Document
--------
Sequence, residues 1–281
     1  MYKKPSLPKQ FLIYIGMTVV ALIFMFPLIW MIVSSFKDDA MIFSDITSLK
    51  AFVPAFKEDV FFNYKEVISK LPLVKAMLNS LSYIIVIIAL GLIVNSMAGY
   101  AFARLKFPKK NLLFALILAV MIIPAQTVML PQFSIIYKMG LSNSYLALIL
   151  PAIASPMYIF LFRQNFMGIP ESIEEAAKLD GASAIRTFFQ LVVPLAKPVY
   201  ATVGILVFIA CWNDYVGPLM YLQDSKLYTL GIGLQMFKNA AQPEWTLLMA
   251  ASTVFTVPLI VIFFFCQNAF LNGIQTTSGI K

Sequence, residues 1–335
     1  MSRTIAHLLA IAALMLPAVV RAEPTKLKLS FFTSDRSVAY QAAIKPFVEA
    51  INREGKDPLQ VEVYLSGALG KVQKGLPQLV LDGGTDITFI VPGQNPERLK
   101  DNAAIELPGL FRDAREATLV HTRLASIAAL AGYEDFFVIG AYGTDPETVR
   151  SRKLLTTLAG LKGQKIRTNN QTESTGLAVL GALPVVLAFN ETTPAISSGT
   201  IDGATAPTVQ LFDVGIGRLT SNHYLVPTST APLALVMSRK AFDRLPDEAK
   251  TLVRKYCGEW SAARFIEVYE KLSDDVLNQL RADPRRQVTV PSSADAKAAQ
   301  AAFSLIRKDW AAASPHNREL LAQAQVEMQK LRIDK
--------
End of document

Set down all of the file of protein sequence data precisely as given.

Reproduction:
Sequence, residues 1–281
     1  MYKKPSLPKQ FLIYIGMTVV ALIFMFPLIW MIVSSFKDDA MIFSDITSLK
    51  AFVPAFKEDV FFNYKEVISK LPLVKAMLNS LSYIIVIIAL GLIVNSMAGY
   101  AFARLKFPKK NLLFALILAV MIIPAQTVML PQFSIIYKMG LSNSYLALIL
   151  PAIASPMYIF LFRQNFMGIP ESIEEAAKLD GASAIRTFFQ LVVPLAKPVY
   201  ATVGILVFIA CWNDYVGPLM YLQDSKLYTL GIGLQMFKNA AQPEWTLLMA
   251  ASTVFTVPLI VIFFFCQNAF LNGIQTTSGI K

Sequence, residues 1–335
     1  MSRTIAHLLA IAALMLPAVV RAEPTKLKLS FFTSDRSVAY QAAIKPFVEA
    51  INREGKDPLQ VEVYLSGALG KVQKGLPQLV LDGGTDITFI VPGQNPERLK
   101  DNAAIELPGL FRDAREATLV HTRLASIAAL AGYEDFFVIG AYGTDPETVR
   151  SRKLLTTLAG LKGQKIRTNN QTESTGLAVL GALPVVLAFN ETTPAISSGT
   201  IDGATAPTVQ LFDVGIGRLT SNHYLVPTST APLALVMSRK AFDRLPDEAK
   251  TLVRKYCGEW SAARFIEVYE KLSDDVLNQL RADPRRQVTV PSSADAKAAQ
   301  AAFSLIRKDW AAASPHNREL LAQAQVEMQK LRIDK